When I started law school about 13 years ago, lots of my classmates planned to go into public interest on graduation. Many did. Lots didn’t, because those jobs were really hard to get. But I think it is fair to say that public interest work is the reason many of my classmates went to law school in the first place. They never planned to get rich; they just wanted to serve the cause of justice.

This was before the recession, and before hordes of law students would throw their resumes at any job opening that promised some experience, no matter how low-paid. It seems no longer to be the case that law students will apply in a flood for any job opening, but I doubt most Legal Aid organizations are hurting for applicants, especially when most of the news about Legal Aid is about funding cuts. Maybe my law school and my state are atypical when it comes to the popularity of Legal Aid, but my sense is that the problem is funding, not job applicants.

So it annoys me when I see articles like this one: “Why many young attorneys are choosing Legal Aid”. It suggests that, finally, some young lawyers are seeing the light and filling longstanding vacancies at Legal Aid. But that probably is not the case. The real problem at Legal Aid is probably not filling vacancies. Besides funding cuts, the more-likely problem is that desperate law school graduates who don’t really want to work for Legal Aid are applying for those jobs because they will take anything they can get. Legal Aid needs committed lawyers, not just any lawyers.

Also, the idea that Legal Aid organizations are hard-up for entry-level lawyers perpetuates the stereotype that everyone goes to law school to get rich and only a few, noble souls are willing to work for Legal Aid wages. If my experience is at all representative, that is just not true. Plenty of lawyers actually go to law school with Legal Aid as their objective. They are hardly the exception. In fact, many lawyers with jobs at firms volunteer and engage in public service on top of their long hours. Public service often goes hand-in-hand with law practice.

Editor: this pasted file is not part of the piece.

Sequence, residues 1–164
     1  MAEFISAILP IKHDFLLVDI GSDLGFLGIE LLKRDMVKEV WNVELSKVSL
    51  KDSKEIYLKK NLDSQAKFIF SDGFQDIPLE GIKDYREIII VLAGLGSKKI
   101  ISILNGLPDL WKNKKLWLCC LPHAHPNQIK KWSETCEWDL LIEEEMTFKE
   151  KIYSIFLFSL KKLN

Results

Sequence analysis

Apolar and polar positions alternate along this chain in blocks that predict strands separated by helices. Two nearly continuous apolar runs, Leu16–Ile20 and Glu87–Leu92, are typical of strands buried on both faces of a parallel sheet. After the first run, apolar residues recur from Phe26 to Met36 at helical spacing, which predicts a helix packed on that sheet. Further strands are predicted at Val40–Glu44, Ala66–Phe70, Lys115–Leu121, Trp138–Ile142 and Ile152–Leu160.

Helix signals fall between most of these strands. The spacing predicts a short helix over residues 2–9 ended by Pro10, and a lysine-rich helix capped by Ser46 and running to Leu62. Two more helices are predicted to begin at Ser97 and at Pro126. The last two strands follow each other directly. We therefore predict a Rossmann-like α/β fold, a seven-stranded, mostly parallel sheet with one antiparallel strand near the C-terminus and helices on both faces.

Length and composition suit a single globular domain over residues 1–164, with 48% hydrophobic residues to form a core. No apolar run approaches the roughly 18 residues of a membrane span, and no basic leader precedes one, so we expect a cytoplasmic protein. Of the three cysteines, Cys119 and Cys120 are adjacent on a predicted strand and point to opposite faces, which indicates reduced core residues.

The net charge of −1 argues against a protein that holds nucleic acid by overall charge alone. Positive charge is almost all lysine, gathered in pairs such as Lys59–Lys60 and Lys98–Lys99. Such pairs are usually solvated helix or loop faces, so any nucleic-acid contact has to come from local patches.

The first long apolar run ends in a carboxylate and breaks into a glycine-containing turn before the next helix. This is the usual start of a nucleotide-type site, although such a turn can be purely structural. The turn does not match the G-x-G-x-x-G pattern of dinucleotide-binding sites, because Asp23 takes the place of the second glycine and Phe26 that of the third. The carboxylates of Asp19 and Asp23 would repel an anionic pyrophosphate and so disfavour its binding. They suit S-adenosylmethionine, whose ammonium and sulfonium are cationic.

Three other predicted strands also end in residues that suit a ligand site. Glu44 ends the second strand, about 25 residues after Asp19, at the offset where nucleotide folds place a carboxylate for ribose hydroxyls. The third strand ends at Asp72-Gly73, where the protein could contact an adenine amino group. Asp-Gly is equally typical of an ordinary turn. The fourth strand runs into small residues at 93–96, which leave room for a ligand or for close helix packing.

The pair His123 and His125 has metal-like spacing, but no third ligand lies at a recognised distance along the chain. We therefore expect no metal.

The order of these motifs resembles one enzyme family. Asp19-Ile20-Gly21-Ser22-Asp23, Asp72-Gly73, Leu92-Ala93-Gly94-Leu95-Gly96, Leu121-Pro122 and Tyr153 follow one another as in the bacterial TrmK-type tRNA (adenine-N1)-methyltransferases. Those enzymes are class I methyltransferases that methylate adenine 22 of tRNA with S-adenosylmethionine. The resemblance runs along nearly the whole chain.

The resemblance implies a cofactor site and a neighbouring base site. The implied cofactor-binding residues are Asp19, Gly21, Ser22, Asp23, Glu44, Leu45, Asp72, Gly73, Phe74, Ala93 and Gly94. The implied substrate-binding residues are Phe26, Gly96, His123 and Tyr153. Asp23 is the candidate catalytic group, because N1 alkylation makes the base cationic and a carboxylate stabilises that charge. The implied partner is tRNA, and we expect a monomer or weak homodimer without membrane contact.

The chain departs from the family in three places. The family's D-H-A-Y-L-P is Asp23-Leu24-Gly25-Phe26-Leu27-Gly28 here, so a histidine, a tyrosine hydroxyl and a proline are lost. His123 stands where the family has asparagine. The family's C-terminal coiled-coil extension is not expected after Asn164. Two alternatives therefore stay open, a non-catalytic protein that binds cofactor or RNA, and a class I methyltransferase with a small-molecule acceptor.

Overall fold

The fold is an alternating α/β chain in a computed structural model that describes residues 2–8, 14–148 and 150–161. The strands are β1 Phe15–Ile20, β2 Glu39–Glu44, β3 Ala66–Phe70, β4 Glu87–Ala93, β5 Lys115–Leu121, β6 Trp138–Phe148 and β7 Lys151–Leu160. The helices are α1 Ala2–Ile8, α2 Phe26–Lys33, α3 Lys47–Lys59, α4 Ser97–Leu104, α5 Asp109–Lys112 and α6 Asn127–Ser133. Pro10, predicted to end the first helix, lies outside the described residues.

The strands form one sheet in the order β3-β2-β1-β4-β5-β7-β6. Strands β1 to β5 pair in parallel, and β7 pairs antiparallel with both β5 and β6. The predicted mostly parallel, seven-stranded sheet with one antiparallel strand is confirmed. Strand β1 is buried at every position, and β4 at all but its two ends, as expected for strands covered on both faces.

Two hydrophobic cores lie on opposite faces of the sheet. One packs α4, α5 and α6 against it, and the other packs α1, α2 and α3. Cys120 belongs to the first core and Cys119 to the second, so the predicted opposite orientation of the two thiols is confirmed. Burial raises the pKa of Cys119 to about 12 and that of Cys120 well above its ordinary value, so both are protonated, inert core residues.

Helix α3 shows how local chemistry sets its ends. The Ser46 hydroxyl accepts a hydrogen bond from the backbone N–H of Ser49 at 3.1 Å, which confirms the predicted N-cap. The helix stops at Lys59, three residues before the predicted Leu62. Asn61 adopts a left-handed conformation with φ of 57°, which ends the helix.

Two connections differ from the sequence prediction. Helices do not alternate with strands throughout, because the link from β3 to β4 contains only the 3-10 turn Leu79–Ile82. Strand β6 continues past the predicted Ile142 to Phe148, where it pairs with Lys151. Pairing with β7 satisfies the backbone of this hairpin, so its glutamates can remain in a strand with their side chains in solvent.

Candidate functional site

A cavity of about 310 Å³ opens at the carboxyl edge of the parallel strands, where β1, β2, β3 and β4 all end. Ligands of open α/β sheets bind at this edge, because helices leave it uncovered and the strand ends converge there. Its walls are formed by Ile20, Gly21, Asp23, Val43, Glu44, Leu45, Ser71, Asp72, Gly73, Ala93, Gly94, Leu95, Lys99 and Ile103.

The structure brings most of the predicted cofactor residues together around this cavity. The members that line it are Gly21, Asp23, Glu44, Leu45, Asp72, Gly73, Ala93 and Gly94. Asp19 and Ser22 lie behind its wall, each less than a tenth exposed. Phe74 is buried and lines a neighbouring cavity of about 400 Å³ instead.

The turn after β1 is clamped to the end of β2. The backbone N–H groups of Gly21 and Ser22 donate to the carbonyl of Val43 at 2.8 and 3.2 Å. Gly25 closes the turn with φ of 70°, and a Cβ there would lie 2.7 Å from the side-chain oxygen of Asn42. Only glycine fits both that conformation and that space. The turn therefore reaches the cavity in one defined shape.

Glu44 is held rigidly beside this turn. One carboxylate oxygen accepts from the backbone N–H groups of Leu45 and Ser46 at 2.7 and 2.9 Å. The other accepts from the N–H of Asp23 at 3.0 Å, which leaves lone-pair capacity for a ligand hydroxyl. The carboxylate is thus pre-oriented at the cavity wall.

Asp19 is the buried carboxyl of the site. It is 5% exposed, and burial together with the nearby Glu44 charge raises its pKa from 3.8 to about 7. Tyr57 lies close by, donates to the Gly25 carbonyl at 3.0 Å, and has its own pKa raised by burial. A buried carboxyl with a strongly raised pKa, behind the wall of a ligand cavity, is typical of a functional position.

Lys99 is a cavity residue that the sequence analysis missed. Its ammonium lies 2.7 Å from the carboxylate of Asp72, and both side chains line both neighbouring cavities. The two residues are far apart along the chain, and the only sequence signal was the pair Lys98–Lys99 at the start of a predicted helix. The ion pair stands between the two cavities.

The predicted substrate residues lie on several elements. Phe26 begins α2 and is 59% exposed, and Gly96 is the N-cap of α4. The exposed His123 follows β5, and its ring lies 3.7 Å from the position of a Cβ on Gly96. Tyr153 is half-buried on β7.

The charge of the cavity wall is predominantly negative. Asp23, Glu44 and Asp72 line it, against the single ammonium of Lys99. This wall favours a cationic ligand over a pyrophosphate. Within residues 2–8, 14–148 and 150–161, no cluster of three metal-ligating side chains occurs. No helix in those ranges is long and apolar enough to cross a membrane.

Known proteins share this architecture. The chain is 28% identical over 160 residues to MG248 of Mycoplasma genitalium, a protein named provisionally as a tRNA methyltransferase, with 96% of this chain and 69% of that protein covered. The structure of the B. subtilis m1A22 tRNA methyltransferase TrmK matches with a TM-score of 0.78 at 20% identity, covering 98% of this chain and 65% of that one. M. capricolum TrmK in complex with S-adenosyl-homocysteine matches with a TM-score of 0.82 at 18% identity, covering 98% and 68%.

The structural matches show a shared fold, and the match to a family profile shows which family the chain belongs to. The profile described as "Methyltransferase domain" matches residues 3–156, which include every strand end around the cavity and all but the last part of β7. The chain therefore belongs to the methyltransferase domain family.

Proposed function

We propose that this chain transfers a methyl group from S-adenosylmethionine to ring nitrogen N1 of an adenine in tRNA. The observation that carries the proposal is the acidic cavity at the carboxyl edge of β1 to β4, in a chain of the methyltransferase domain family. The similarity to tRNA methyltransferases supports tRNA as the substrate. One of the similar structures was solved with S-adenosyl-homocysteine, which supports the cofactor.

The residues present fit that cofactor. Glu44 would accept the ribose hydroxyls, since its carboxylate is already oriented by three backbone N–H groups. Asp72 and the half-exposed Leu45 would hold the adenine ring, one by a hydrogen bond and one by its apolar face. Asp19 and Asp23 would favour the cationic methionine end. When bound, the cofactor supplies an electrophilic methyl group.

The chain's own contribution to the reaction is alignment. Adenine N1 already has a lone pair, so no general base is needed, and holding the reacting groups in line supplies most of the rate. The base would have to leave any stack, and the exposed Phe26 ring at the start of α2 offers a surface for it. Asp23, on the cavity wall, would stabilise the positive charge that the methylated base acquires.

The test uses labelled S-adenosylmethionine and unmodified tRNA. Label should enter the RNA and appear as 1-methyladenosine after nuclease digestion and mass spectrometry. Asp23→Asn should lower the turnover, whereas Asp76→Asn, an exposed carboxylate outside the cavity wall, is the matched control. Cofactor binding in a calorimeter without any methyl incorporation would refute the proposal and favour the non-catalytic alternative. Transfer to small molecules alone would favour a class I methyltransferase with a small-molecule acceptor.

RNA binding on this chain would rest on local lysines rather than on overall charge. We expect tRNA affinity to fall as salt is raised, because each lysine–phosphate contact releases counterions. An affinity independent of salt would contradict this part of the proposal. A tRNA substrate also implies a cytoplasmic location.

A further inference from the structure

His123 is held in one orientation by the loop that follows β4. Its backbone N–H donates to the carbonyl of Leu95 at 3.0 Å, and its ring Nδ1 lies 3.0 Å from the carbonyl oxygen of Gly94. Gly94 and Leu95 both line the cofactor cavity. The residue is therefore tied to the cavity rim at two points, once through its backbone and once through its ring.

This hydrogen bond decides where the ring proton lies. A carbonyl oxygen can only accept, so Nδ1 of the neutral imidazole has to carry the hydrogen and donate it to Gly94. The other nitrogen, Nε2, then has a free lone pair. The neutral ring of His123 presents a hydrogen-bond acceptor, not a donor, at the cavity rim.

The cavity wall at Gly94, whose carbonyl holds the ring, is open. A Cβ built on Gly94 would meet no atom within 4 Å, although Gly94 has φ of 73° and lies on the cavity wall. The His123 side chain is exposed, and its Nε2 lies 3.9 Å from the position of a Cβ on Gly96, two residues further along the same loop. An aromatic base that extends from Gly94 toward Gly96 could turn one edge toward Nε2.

(Speaking of compensation, don’t forget that Legal Aid lawyers are entitled to loan repayment assistance, while many lawyers in private practice draw similar salaries without the benefit of LRAP. Given the low wages some young lawyers in private practice are working for, Legal Aid may actually be a more-lucrative job than the alternatives available to them.)

Finally, I just don’t like it when people characterize Legal Aid as somehow undesirable. I know many Legal Aid lawyers, and I don’t think any of them would characterize their jobs in that way. The salaries may be low, but the benefits are often good, and the job comes with other rewards.

When it comes to stories about Legal Aid, the headline news right now should be that demand for legal services is rising quickly, and funding for Legal Aid is dropping about as quickly. In the gap fall millions of Americans. Legal Aid does not need job applicants so much as it needs money to fund its work: closing the access to justice gap.


1 Comment

  1. You nailed it Sam. The discussion should be about the unmet legal needs and the importance of funding. In terms of lawyers applying for Legal Aid, if you want a job in legal aid, go volunteer there both on the legal and fundraising sides.

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